Montana Is Leading the Way in Lentil Research - Modern Farmer

Montana Is Leading the Way in Lentil Research

At Montana State University, researchers are studying how genetic and environmental factors affect lentil crops.

Montana grows a surprisingly large amount of lentils.
Photography by Lyudmila Zavyalova, Shutterstock.

While lentils might not be the first crop that comes to mind when you think of Montana, the state grows half of the country’s supply of the legumes.  

Thanks to growers such as Timeless Seeds leaning into organic farming and revitalizing depleted soil by planting the legumes, the once wheat-dominant Montana farmland is now abundant with lentils

In an effort to keep the lentil crop in the state thriving, researchers at the Eastern Agricultural Research Center at the Montana State University conducted a recent study to hone in on which lentil varieties grow most successfully in specific regions across the vast state. 

For the study, published in Crop Science, researchers focused on five test sites across Montana—including locations in Bozeman, Conrad, Havre and Moccasin—each with its own unique soil and weather conditions. Researchers planted and focused on four different lentil varieties—Avondale, CDC Richlea, CDC Maxim and CDC Invincible—reports Phys.org. The scientists wanted to use their three-year experiment to understand more deeply how environmental and genetic factors affect the final lentil crop.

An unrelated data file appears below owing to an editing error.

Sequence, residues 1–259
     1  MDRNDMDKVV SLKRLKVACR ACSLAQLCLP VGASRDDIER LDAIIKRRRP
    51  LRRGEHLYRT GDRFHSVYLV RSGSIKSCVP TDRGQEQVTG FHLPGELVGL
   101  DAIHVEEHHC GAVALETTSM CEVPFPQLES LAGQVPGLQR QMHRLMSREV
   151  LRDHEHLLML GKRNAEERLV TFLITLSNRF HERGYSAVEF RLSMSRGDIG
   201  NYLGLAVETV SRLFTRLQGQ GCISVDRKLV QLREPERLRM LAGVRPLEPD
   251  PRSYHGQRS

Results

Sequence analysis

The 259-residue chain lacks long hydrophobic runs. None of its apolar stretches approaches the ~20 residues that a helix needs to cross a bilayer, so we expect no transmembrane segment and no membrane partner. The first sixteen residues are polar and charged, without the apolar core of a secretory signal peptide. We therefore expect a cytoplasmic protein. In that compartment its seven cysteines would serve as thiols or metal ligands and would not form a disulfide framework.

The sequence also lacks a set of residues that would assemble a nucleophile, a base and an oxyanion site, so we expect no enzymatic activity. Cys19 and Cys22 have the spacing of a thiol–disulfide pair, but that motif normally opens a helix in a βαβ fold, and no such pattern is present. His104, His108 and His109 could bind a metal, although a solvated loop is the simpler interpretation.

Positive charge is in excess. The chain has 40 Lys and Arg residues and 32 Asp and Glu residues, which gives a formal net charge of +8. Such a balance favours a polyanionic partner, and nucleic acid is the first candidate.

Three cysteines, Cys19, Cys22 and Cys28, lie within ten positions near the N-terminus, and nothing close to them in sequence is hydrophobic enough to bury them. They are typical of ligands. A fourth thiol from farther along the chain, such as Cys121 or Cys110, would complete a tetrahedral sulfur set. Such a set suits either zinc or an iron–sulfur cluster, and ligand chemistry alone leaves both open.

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Environmental factors and genetics are important considerations when producing both a bountiful and quality crop. By focusing on the varying degrees of influence both factors have on final crop yields and the protein and starch makeup of the lentils, the team is helping to inform lentil breeders and growers to increase the production and quality of their lentil yields.  

“Understanding how the environment and genetics affect lentil crops is key,” said Chengci Chen, lead author of the study. “It allows growers to select lentil varieties that can adapt to different environments and produce high-yielding and high-quality crops.”

The results of the study showed that environmental factors were more closely correlated with the success level of the final lentil yield, while genetic factors in each variety of lentil had a significant impact on the nutrient makeup of the legumes. With the specialized information on what regions in the state develop the most nutritious and robust versions of certain varieties of lentil, farmers now have a heightened sense of how to grow the best lentils possible in their fields.

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